The 1960s in photographs
from Hans Kripgans
“Do more of what you love” should be the motto for every single day of life, not just a New Year’s resolution. I’m fascinated by history and especially contemporary visual history and the works of Berenice Abbot, Brassaï, Doisneau, August Sander or Steve McCurry. Photographs capture significant and highly complex historical developments or even single moments in a single enduring motif. My passion is everyday photography. So what could be more natural than a visit to the Willy Brandt House in Lübeck, one of my favorite cultural institutions in Lübeck. The photo exhibition “Lübeck on the Move – The 1960s” is open until March 13. It presents photographs of the well-known photographer Hans Kripgans, who was the chief photographer and “The Eye” of the Lübecker Nachrichten until 1975.
The power of images
On the move! A visual journey into history, yet so much more than a mere retrospective. In this case, I’m paying a visit to my own childhood and looking back to the heady years of the economic miracle when my parents were young. The scenes from the everyday life of the people of Lübeck show which topics moved the society of the Federal Republic of Germany in those years. Some are still relevant today and just because the pictures are black and white, life was by no means.
Don’t trust anyone over 30: Children & Youth
This contrast between “young” and “old” has existed for centuries. Already around 2,000 B.C. a cuneiform text said: “Our youth is run down and unprotected. Young people no longer listen to their parents. The end of the world is near. The 1960s were no exception. Society was undergoing rapid cultural change, which created tensions between generations. A change in sexual morals and the communication medium of television, which was available to a wider mass of people, accelerated this transformation. With the Beatles and the Stones, a new formative attitude to life also came to Lübeck. Fashion was a visual counter-design to the stuffy bourgeoisie: short skirts, little hanging dresses, leather jackets, bell-bottoms. Bold designs in patent, velvet and corduroy. (Um: isn’t this just mega topical again: everything is coming back..) Parents feared their sons and daughters might end up as “deadbeats” or “rockers.” Just imagine: Young people met just like that to “chill” on the lawn in front of the Holstentor.
The mustiness under the gowns: protests & demonstRAtions
The 1960s were a decade of upheaval for many reasons. I wonder: have there ever been decades without upheaval? The building of the Berlin Wall on August 13, 1961, definitely had a formative influence on Germany and Europe, and indeed on the balance of power throughout the world in the decades that followed. The effects are still being felt today. The Easter marches have their beginning in the 1960s. In Lübeck, too, citizens of all generations were active against nuclear power and nuclear weapons. People’s fear was further fueled by the Cuban Missile Crisis and the East-West conflict. The Shah’s visit and the death of Benno Ohnesorge, the assassination of Rudi Dutschke and the emergency laws drove young people in particular onto the streets. Happenings and sit-ins for a revolution in society.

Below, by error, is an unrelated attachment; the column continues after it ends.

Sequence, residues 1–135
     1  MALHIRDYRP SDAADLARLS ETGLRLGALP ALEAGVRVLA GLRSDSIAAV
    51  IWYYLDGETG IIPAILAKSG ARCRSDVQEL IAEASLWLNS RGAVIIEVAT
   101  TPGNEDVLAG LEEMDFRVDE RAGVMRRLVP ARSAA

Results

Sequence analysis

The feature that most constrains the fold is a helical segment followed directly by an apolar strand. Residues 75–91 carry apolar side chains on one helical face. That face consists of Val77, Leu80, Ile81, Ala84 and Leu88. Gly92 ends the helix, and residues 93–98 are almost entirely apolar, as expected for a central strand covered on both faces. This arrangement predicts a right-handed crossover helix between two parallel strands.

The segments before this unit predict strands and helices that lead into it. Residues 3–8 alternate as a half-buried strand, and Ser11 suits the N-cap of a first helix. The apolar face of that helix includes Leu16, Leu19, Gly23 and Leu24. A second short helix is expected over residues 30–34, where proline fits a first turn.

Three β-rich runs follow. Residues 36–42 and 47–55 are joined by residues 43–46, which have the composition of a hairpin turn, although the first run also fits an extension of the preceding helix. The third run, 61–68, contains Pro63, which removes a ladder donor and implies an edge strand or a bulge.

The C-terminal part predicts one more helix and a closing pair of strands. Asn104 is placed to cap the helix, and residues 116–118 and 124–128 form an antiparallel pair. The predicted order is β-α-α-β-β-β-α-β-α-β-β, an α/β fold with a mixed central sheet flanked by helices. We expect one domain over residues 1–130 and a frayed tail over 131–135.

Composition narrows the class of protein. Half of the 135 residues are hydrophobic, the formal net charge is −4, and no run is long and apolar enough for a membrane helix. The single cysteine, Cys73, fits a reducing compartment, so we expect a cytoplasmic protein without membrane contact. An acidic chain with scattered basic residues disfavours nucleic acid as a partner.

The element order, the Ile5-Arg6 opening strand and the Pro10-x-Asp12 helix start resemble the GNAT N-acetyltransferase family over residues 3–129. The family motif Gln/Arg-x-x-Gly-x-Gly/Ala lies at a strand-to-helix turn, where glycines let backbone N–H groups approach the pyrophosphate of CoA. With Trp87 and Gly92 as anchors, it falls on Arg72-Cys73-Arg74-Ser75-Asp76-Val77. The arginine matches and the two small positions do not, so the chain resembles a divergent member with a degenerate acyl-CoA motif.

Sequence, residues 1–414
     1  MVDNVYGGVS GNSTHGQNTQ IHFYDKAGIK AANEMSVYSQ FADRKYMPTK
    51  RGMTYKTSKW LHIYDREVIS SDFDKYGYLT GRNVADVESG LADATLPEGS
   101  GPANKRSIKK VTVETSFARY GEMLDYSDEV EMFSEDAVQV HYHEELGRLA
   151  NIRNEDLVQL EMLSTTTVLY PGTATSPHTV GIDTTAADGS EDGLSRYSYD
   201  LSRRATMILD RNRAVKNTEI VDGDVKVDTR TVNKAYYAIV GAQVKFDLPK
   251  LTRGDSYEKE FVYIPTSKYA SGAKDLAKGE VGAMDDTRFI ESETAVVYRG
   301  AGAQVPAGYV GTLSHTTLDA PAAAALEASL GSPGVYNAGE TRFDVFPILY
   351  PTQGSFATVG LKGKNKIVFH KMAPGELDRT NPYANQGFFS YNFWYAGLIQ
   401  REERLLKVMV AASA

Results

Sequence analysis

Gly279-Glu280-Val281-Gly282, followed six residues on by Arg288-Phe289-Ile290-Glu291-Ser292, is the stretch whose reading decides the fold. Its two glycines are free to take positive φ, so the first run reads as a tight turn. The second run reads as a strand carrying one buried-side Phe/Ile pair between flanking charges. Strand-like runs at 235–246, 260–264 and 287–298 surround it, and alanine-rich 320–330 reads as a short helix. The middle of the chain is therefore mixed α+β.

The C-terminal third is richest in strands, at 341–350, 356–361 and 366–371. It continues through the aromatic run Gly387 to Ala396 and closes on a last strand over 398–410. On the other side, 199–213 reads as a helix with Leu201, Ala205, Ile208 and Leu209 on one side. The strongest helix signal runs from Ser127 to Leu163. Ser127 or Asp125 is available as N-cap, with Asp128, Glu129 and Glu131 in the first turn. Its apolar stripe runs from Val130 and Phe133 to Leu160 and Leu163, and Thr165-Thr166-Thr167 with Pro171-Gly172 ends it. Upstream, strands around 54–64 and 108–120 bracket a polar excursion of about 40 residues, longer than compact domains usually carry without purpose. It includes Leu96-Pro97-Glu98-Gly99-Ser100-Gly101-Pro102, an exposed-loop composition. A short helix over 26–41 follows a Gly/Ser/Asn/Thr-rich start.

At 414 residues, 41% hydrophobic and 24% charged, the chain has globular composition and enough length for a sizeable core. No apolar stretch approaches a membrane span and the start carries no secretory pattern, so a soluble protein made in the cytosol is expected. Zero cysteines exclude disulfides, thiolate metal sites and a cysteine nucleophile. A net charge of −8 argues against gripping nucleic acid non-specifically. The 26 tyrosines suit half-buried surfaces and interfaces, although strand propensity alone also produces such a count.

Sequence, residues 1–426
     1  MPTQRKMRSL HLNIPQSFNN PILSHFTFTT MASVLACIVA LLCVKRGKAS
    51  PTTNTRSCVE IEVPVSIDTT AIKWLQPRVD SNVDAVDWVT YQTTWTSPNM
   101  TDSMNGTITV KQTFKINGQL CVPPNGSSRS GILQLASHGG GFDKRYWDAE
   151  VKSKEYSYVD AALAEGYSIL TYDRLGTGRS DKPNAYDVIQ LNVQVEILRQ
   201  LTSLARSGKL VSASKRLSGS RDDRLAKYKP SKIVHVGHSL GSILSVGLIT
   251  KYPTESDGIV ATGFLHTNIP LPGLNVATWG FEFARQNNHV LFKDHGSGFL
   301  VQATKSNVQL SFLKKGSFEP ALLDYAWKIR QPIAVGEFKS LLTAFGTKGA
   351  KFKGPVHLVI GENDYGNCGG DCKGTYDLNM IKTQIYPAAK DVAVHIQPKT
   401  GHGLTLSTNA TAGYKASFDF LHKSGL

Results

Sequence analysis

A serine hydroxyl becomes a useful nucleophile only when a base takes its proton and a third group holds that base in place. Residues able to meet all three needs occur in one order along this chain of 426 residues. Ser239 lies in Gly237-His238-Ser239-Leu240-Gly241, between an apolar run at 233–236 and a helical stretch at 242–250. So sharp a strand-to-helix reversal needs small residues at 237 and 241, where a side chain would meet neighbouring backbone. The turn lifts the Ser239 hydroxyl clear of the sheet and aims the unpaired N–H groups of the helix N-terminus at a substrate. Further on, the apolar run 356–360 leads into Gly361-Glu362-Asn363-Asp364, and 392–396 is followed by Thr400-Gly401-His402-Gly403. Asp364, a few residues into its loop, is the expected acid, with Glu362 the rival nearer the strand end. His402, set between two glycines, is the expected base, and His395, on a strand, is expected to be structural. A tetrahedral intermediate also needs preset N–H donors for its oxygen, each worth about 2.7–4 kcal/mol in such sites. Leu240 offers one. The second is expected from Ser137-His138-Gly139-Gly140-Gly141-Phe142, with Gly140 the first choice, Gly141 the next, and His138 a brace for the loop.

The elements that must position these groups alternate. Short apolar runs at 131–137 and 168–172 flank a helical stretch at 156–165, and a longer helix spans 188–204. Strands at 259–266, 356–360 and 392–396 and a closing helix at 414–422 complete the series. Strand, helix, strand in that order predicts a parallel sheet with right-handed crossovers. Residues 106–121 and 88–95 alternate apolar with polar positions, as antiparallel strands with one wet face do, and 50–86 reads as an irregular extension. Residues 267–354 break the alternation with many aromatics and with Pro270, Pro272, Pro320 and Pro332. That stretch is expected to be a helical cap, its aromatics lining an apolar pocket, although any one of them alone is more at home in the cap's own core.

Protest against the State of Emergency Act, 1968, (c) Lübecker Nachrichten / Hans Kripgans Dutschke demonstration, 1968, (c) Lübecker Nachrichten / Hans Kripgans Easter march, 1964, (c) Lübecker Nachrichten / Hans Kripgans
Shop`til you drop: Transport & Shopping
The face of Lübeck changed. Cars, cars everywhere! New and, above all, wider streets, parking lots and parking garages were built. Bridges were built. Among them was the folding bridge Herrenbrücke, which in the memory of all contemporaries was folded up just when one urgently wanted to cross it. Incidentally, this was also a popular excuse in cases of unpunctuality. Currently, we are concerned with reorganizing our mobility in Lübeck under the leitmotif “Lübeck the day after tomorrow“. To develop alternative and sustainable transportation options to protect the environment and enhance the quality of life.
Lübeck’s Old Town with its new large stores such as Karstadt, Kepa, Haerder, Anni Friede and C&A with their wide range of products and generous sales areas developed as an attractive destination. With rising incomes, luxury goods were also affordable for many German citizens. Shop windows were opulently designed. People dressed up when they went into town and always combined shopping with a visit to a café. Ladies, of course, kept their hats on there.
Kepa department store Holstenstraße, 1963, (c) Lübecker Nachrichten / Hans Kripgans Crossing Breite Straße – Dr. Julius-Leber Straße, 1962, (c) Lübecker Nachrichten / Hans Kripgans C&A building Mühlenstraße, 1967, (c) Lübecker Nachrichten / Hans Kripgans Schrangen, 1965, (c) Lübecker Nachrichten / Hans Kripgans
A story can be told about each motif. There is not enough space here. Other exhibition areas are devoted to the topics of “Building & Living” and the person of Willy Brandt, who remained loyal to his native city throughout his life, regularly visited his mother Martha Kuhlmann, who lived here, and his stepfather, met political companions here and appeared in Lübeck at the end of the election campaigns in 1961, 1965 and 1969. The permanent exhibition at the Willy Brandt House in Lübeck is dedicated to the life and work of Willy Brandt. Admission is free of charge.
In any case, it becomes clear once again in the Kripgans exhibition that people have ALWAYS been and are facing the future. Each individual is part of this long and exciting story and connected to the people of the past and the future.